Johannes Marten den Uijl, better known as Joop den Uyl (Dutch: [ˈjoːb dɛn ˈœyl] (listen); 9 August 1919 – 24 December 1987) was a Dutch politician of the Labour Party (PvdA) and economist who served as Prime Minister of the Netherlands from 11 May 1973 until 19 December 1977.
Den Uyl studied Economics at the University of Amsterdam obtaining a Master of Economics degree and worked as a civil servant at the Ministry of Economic Affairs from February 1942 until May 1945 and as a journalist and editor for Het Parool and Vrij Nederland from May 1945 until January 1949. Den Uyl served as director of the Wiardi Beckman Foundation from January 1949 until June 1963. Den Uyl became a Member of the House of Representatives shortly after the number of seats was raised from 100 to 150 seats following the election of 1956 serving from 6 November 1956 until 5 June 1963 as a frontbencher and spokesperson for Economics. Den Uyl was appointed as Minister of Economic Affairs in the Cals Cabinet, taking office on 14 April 1965. After Labour Leader Anne Vondeling unexpectedly announced he was stepping down, Den Uyl announced his candidacy and was selected as his successor as Leader on 13 September 1966. In the election of 1967 Den Uyl served as Lijsttrekker (top candidate) and became Parliamentary leader, taking office on 23 February 1967. In the election of 1972 Den Uyl again served as Lijsttrekker and after a long cabinet formation formed the Den Uyl Cabinet and became Prime Minister of the Netherlands, taking office on 11 May 1973.
The Cabinet collapsed on 22 March 1977 following years of tensions in the ruling coalition. During the election of 1977 Den Uyl served as Lijsttrekker but following a difficult cabinet formation failed to create a new coalition. Den Uyl left office following the installation of the First Van Agt Cabinet on 19 December 1977 but continued to serve in the House of Representatives as Parliamentary leader. For the election of 1981 Den Uyl again served as Lijsttrekker and following a cabinet formation with his successor- the leader of the Christian Democratic Appeal, Dries van Agt– formed the Second Van Agt Cabinet with Den Uyl appointed as Deputy Prime Minister and Minister of Social Affairs and Employment, taking office on 11 September 1981. The cabinet fell just seven months into its term and was replaced with the caretaker Third Van Agt Cabinet, with Den Uyl resigning on 29 May 1982. For the election of 1982 Den Uyl again served as Lijsttrekker and returned to the House of Representatives as Parliamentary leader, taking office on 16 September 1982. For the election of 1986 Den Uyl once again served as Lijsttrekker but shortly thereafter announced he was stepping down as Leader on 21 July 1986 and endorsed former trade union leader Wim Kok as his successor though continued to serve in the House of Representatives as a backbencher. In October 1987 Den Uyl was diagnosed with a terminal brain tumor and died just three months later at the age of 68.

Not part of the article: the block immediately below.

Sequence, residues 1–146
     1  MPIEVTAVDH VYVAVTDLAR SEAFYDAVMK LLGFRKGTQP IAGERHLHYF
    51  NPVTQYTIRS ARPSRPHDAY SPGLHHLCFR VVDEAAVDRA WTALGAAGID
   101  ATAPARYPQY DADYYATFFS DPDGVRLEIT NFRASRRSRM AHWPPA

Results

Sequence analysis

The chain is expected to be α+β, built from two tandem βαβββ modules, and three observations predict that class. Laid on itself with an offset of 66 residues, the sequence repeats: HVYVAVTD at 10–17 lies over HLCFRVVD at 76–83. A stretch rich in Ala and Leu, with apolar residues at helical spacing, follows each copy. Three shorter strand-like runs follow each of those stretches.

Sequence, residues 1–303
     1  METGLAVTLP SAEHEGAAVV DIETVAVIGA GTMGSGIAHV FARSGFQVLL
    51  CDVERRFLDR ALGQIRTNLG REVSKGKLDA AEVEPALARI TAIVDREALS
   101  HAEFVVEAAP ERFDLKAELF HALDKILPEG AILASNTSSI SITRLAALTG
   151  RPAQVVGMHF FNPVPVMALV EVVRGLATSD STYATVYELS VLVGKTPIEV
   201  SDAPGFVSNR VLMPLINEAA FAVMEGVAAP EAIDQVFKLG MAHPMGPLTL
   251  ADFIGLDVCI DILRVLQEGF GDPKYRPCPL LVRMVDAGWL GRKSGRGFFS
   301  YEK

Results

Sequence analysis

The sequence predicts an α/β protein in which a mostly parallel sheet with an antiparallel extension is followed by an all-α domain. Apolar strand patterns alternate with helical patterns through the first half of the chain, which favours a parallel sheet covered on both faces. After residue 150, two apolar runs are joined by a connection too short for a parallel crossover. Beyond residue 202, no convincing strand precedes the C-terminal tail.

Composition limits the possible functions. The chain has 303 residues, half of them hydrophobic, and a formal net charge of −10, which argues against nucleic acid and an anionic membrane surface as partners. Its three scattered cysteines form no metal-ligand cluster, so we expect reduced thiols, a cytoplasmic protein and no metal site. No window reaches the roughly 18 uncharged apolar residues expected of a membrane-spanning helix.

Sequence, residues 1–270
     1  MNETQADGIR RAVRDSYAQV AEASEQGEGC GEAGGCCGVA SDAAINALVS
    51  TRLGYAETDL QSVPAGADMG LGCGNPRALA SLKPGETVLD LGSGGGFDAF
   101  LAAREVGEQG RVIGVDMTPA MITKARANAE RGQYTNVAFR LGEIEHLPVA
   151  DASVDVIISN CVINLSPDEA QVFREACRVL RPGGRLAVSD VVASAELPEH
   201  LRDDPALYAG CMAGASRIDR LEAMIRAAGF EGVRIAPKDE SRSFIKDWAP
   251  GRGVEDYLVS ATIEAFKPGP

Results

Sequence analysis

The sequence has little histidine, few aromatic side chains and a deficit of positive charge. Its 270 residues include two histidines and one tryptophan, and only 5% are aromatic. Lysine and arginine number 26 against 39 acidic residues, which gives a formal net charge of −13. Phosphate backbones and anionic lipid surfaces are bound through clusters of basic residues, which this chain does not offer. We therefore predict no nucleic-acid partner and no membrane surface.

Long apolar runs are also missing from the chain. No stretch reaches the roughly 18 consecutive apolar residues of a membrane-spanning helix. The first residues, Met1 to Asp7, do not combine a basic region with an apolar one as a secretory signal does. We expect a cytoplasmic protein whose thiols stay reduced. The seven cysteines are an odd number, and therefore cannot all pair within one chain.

Den Uyl was known for his abilities as a skillful debater and as an idealistic and determined leader. During his premiership, his cabinet were responsible for major social reforms and dealing with several major crises such as the 1973 oil crisis, the Lockheed scandal, Moluccans incidents and the fallout of the Yom Kippur War. He holds the distinction as leading the most left-wing Dutch cabinet, and his premiership is seen as divisive with both scholars and the public, from considering him to have been average to him having been one of the best Prime Ministers since World War II.